Spinach, an annual herb used as a vegetable. Spinach is native to southwestern Asia and has been grown in the United States since the early 19th century. The leaves of the plant are eaten cooked or used raw in salads. They are rich in vitamins A and C and contain iron and calcium.

Spinach has large, deep-green, arrow-head-shaped leaves. Some varieties of spinach are wrinkly-leaved while others are smooth-leaved. The leaves grow close to the ground, branching off in the shape of a rosette from a short central stem. As the plant matures, the stem sends up a branching flower stalk, two to three feet (60 to 90 cm) in height. Clusters of small flowers are borne along the stalk and these later develop into small capsules of seeds. Spinach is a cool-weather plant that requires much moisture. It grows quickly and is ready for harvest 6 to 10 weeks after planting. Cultivated spinach is picked before the plant blooms and bears fruit.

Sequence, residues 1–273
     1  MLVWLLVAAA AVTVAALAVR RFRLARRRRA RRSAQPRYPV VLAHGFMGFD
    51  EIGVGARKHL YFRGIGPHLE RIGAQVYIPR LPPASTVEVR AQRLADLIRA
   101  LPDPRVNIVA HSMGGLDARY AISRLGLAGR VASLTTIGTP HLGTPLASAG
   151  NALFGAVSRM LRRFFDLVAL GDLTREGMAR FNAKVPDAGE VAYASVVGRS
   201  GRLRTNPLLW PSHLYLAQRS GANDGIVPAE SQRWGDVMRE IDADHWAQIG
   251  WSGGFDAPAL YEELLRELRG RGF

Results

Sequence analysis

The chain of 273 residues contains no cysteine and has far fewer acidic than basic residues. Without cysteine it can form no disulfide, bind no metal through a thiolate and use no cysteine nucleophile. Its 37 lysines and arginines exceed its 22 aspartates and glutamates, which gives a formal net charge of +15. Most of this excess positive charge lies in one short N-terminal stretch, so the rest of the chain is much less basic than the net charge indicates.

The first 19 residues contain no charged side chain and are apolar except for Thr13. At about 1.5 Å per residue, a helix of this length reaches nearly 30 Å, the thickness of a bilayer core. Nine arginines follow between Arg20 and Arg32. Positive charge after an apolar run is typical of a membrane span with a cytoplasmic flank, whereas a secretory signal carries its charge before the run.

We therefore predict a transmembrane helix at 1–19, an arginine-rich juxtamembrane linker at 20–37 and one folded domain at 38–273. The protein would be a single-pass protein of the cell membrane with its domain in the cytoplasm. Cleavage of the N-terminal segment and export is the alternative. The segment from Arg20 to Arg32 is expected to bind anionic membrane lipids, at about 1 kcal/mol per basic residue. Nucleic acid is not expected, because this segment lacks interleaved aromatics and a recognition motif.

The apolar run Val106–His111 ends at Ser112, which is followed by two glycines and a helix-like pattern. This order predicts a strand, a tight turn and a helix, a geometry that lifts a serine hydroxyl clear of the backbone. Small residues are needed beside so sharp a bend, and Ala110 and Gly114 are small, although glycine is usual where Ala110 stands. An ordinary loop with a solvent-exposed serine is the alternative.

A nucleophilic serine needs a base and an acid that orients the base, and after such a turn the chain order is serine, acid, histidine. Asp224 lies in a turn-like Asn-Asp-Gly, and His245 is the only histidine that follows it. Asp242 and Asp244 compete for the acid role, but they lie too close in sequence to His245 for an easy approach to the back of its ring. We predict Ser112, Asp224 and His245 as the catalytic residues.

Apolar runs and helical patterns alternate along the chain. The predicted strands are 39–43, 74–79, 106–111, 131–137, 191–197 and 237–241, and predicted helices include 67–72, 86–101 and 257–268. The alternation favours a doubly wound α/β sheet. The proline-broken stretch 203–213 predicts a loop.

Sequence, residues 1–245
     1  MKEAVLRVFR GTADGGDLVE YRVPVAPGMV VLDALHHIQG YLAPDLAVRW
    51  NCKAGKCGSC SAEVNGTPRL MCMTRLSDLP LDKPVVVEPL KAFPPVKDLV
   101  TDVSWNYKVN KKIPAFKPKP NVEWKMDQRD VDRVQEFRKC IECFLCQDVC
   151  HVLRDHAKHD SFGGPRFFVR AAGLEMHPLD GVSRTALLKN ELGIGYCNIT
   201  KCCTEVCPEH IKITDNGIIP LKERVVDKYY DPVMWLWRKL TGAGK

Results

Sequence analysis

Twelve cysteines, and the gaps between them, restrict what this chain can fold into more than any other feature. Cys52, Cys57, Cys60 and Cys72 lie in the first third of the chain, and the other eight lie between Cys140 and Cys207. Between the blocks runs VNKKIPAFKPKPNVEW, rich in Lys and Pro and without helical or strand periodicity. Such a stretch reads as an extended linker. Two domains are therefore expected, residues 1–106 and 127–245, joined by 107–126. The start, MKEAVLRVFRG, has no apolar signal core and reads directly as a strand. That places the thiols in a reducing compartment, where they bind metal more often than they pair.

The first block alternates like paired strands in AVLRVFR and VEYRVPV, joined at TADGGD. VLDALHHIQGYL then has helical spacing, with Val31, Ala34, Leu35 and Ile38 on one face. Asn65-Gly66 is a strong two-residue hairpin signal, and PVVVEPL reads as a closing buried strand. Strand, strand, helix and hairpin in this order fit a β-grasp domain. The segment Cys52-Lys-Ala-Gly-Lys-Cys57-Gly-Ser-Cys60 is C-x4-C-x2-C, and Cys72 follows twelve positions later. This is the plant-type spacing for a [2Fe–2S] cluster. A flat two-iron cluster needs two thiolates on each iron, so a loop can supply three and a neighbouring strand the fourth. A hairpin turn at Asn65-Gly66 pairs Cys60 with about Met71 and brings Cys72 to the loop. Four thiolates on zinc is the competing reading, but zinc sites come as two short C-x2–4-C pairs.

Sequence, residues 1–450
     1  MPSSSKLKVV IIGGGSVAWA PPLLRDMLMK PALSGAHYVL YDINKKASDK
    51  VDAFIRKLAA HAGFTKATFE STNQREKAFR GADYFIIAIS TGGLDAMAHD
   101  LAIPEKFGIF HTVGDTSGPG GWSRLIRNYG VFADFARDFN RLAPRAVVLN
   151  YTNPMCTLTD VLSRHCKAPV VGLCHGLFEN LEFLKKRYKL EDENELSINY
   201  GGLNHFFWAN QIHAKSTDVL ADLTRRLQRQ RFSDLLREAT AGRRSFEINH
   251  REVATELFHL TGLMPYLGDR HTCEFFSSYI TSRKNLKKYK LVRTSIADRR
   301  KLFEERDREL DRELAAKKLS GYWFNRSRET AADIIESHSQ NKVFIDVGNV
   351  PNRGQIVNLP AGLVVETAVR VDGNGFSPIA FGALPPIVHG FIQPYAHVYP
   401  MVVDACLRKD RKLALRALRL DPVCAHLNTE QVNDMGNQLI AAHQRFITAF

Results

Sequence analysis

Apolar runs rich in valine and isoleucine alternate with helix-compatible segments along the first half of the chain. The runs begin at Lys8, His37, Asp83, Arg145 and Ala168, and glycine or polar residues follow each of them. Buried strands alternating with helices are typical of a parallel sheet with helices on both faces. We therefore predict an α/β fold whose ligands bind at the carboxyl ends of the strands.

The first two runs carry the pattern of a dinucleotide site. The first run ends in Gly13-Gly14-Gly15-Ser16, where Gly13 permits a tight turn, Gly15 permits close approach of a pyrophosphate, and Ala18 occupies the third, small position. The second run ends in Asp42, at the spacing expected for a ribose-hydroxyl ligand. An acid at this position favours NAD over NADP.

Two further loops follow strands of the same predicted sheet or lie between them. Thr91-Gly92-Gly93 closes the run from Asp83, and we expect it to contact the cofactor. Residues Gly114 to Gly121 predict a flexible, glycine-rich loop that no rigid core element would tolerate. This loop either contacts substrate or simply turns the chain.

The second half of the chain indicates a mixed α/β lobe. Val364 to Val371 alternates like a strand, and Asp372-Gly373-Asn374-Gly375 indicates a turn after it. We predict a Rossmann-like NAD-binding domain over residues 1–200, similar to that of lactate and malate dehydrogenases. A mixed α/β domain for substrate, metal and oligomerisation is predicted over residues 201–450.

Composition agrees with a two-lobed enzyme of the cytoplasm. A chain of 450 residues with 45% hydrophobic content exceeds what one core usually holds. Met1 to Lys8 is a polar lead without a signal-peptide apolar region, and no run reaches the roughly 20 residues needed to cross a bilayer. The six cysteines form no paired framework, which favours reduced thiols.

Spinach is Spinacia oleracea of the goosefoot family, Chenopodiaceae.